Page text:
The proposed rule received more than 64,000 comments. As we understand, the EPA has yet to respond to the comments.
This is another potentially very consequential rule. Simply from the standpoint of environmental due diligence, the number of sites that will have Recognized Environmental Conditions (RECs) will likely increase substantially.
It is also a fair bet that litigation will increase surrounding the newly designated CERCLA hazardous substances.
Finally, as many industry insiders have been warning about the “one size fits all” approach to limiting PFAS chemicals, a warning has been issued in Europe about banning all PFAS.
In an article by H2 View they write, “The proposed restriction of around 10,000 per- and polyfluoroalkyl substances (PFASs) in Europe would have ‘very serious consequences’ for the whole clean hydrogen and sustainability industry, H2 View has been told.”
They go on to write about a recent joint statement from 15 industrial trade associations, including Hydrogen Europe, stating that the grouping approach to the proposal makes “assumptions and false equivalencies about the hazards and risks of using fluoropolymers and perfluoropolyethers. In using this approach, it risks creating a disproportionate effect that endangers both established and new industries.”
According to the article, certain hydrogen fuel cells use fluoropolymers in various forms.
Hydrogen fuel has gained importance in Europe with the ongoing conflict between Russia and Ukraine. According to the European Commission, “the European Commission aims to reduce European dependence on Russian energy, particularly through clean hydrogen.”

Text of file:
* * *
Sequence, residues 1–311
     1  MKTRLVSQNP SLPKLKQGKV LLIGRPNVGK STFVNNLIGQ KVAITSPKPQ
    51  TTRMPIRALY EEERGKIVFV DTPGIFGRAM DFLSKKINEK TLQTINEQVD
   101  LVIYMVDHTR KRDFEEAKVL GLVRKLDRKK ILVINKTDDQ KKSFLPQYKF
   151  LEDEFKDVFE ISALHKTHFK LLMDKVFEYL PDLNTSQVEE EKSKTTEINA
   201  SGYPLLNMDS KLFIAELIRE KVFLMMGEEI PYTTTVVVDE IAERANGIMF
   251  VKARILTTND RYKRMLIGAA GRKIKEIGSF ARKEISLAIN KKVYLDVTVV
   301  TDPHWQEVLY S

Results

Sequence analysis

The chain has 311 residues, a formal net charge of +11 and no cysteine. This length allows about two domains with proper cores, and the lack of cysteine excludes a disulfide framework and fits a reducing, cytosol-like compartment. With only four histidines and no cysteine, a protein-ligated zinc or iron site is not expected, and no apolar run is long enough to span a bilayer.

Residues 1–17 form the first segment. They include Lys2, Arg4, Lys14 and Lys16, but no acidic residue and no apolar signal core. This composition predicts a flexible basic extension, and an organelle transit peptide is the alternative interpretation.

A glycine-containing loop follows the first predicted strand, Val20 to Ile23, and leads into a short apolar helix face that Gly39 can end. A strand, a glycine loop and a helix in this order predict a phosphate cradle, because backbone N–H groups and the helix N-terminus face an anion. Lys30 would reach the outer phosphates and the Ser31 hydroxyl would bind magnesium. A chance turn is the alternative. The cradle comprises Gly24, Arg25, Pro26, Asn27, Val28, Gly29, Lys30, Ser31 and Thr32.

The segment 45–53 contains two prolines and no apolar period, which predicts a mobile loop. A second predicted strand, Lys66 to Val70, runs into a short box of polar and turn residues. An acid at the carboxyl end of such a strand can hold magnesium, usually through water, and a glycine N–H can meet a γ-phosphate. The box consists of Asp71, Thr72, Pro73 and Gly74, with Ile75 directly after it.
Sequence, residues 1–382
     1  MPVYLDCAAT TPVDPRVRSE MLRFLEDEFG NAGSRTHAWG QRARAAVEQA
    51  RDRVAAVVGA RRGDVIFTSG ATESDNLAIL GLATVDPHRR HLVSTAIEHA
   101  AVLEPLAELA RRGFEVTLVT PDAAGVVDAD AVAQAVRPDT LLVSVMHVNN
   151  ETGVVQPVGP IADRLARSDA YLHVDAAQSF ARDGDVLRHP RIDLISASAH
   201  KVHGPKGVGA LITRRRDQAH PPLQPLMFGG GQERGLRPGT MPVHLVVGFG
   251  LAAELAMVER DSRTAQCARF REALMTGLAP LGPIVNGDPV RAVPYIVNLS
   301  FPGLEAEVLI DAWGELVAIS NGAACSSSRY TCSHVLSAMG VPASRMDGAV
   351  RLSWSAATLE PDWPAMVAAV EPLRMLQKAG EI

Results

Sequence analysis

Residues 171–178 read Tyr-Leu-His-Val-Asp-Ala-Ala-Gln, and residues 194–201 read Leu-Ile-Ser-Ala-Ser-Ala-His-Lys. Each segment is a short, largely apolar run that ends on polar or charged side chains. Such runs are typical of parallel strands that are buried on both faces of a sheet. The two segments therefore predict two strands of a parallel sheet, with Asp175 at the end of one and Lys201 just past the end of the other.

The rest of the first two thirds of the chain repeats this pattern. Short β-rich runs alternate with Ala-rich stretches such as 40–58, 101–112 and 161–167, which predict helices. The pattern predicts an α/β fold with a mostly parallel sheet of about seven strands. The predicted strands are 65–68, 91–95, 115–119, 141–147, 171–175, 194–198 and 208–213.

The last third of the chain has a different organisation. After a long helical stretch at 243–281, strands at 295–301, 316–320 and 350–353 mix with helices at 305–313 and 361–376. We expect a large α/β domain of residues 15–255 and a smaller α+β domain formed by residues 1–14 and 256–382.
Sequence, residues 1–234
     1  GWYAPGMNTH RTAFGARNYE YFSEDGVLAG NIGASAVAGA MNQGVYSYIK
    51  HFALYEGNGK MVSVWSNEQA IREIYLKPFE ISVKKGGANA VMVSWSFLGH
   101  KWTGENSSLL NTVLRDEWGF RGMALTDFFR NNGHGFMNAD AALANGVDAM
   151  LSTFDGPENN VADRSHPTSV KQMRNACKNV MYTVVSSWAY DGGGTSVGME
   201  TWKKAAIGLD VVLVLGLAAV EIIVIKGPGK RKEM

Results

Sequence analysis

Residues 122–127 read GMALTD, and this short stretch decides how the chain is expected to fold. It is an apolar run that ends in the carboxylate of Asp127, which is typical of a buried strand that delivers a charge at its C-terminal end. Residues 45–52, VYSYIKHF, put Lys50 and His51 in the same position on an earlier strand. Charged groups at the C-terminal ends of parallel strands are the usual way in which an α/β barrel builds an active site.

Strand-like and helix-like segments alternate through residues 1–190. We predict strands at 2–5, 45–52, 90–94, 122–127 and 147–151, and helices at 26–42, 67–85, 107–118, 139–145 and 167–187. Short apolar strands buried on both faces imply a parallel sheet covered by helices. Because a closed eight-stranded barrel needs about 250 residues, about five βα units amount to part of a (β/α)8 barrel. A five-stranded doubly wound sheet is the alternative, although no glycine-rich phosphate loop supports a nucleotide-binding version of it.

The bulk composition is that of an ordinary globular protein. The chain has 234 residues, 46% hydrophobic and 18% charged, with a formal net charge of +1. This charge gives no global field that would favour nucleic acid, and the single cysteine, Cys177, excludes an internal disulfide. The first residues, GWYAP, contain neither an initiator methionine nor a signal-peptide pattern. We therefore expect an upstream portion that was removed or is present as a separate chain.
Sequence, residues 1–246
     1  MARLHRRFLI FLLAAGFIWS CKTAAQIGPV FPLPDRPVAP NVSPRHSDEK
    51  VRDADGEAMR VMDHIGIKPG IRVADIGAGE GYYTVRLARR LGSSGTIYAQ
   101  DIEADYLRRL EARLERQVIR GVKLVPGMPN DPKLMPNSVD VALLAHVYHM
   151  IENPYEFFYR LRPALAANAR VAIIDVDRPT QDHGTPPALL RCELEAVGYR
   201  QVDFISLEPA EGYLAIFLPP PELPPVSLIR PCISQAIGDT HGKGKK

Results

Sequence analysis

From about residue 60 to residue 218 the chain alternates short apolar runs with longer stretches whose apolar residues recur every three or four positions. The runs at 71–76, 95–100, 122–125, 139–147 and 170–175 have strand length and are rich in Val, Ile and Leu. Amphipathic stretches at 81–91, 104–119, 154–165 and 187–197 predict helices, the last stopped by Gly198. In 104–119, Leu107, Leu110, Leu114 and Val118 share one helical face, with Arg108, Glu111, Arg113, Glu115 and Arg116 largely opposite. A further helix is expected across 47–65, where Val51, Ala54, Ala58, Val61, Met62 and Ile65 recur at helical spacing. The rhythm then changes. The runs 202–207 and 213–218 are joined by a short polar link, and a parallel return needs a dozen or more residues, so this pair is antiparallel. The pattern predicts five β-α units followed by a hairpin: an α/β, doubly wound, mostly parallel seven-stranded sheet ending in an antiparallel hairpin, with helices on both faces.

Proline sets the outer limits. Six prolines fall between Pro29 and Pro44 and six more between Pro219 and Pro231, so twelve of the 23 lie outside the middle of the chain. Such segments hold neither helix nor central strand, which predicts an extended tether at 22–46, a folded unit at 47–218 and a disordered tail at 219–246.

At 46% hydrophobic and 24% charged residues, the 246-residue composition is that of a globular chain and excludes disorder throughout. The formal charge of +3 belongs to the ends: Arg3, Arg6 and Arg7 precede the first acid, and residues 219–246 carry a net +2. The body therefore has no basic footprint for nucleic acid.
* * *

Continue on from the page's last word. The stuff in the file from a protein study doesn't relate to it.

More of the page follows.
Hopefully, elected and unelected rule makers across the globe are listening to the voices of the regulated community.
If you need assistance with PFAS reporting, assessment, remediation, etc., contact Dragun – we have significant experience in assessment, remediation, and litigation support on PFAS projects. For more information, contact us at email@example.com or 248-932-0228.
Dragun Corporation does not use artificial intelligence in drafting our blogs or any other material.
This blog was drafted by Alan Hahn. Alan has an undergraduate degree in Environmental Studies and completed a graduate program in Environmental Management. He has worked in environmental management for 45 years. He has written hundreds of blogs and articles. His published work includes Michigan Lawyers Weekly, Detroiter, Michigan Forward, GreenStone Partners, Manure Manager Magazine, Progressive Dairy, and HazMat Magazine.
The blog was reviewed by Jeffrey Bolin, M.S. Jeff is a partner and senior scientist at Dragun Corporation. He is a published author, frequent speaker, and expert witness. His expertise in environmental due diligence, PFAS, vapor intrusion, and site assessments has led to projects in the US, Canada, and overseas. See Jeff’s Bio.